Like many families, every year at the Thanksgiving meal we are supposed to list the things we are thankful for. I hate this tradition. If you don’t say “family” and “health” you sound like a tool. But hearing everyone at the table list off “family” and “health” is super boring and seems kind of fake to me. Also, we list the things we are thankful for, but often forget to actually give thanks for them. Giving Thanks: A Native American Good Morning
Message by Chief Jake Swamp and illustrated by Erwin Printup (Lee&Low Books, $8.95) is an excellent alternative and I would like to suggest that reading it around the table become our family’s new tradition. The text is based on the Thanksgiving Message, which is a message of peace and appreciation of Mother Earth and her inhabitants. According to the introduction, the words are traditionally spoken at ceremonial gatherings of the Iroquois or Six Nations — Mohawk, Oneida, Cayuga, Onodaga, Senecca, and Tuscarora. The invocation begins, “To be a human being is an honor, and we offer thanksgiving for all the gifts of life” and unifies both recognition and appreciation. The illustrations beautifully capture the majesty of the text and convey the joy of the physical and spiritual world.
For younger children, Tomie dePaola’s My First Thanksgiving (Grosset & Dunlap, $5.99) introduces the Thanksgiving story and ends with a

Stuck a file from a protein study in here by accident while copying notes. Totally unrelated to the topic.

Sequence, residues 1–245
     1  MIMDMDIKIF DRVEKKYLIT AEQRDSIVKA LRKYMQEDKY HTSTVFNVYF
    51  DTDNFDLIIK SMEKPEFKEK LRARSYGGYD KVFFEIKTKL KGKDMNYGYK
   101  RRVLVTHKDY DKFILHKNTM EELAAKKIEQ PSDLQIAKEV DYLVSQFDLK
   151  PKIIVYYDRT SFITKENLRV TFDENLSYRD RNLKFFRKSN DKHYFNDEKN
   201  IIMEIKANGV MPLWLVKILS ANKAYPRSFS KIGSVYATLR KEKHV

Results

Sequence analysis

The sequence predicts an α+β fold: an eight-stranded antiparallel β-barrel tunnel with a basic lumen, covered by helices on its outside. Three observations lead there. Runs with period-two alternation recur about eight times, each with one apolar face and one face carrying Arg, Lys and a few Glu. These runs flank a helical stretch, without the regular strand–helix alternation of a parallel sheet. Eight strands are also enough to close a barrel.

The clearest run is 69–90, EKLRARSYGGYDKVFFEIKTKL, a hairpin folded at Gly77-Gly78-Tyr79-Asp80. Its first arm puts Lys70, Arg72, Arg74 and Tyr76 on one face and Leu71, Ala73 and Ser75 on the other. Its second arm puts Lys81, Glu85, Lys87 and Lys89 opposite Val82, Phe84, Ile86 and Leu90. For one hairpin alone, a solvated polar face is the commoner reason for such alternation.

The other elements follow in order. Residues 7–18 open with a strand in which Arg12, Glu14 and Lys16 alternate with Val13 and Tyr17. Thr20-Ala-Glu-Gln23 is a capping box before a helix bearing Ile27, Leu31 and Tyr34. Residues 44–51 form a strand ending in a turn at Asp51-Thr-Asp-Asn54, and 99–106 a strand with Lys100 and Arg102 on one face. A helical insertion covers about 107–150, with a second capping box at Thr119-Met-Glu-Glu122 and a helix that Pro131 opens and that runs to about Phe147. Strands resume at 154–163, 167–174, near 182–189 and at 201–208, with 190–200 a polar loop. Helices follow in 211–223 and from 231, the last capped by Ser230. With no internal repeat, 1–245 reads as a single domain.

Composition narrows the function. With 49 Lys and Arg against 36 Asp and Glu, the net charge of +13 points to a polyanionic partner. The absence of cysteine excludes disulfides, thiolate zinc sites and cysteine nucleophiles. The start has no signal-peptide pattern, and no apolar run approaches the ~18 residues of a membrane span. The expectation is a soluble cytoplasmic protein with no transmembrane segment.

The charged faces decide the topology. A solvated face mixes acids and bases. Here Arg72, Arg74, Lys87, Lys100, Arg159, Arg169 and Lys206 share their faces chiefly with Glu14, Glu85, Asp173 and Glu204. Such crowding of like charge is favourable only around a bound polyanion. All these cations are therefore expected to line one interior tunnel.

contemporary image of the family gathering. The book is simple; it presents the core concepts without imparting the oppressive instructional quality that is (far too often) a staple in any holiday book. dePaolo’s illustrations, as always, are a perfect complement.
Finally, for slightly older children, there are two excellent non-fiction books about pilgrim children that balance information and entertainment. Sarah Morton’s Day: A Day in the Life of a Pilgrim Girl and Samuel Eaton’s Day: A Day in the Life of a Pilgrim Boy, both by Kate Waters (Scholastic, $6.99), contain photographs by Russ Kendall of children in the Plimouth Plantation village. Volunteers recreate 1620, and sometimes children volunteer with their parents (but not always and once I did kind of piss off a pilgrim by asking where the children were). The village is carefully researched and the inhabitants meticulously maintain their character. Besides visiting the Plantation itself, these two books are the next best thing for learning about daily Pilgrim life.
November is such a lost month. Poor thing. It’s the introspective child with three very loud siblings. September! Back to School! October! Halloween! December! Hanukkah! and Christmas! November. Thanks.
Cynthia Rylant has a lovely book — an ode to a quiet month — called In November (Voyager, $6.99). Illustrated by Jill Kastner, the book pays homage to the tranquil and transitional elements of this month: the air grows cold, people and animals prepare for winter, we gather to celebrate our blessings. In November we pause.
December is almost here, and our holiday books are slowly taking over the front of store, but there are still a few fall leaves clinging to the trees — at least where I live. I figured it was time to recommend a few good fall books before they are completely eclipsed by winter. I don’t feel like I’m too behind, though, because a recurring theme in fall picture books is concluding the story with the arrival of winter.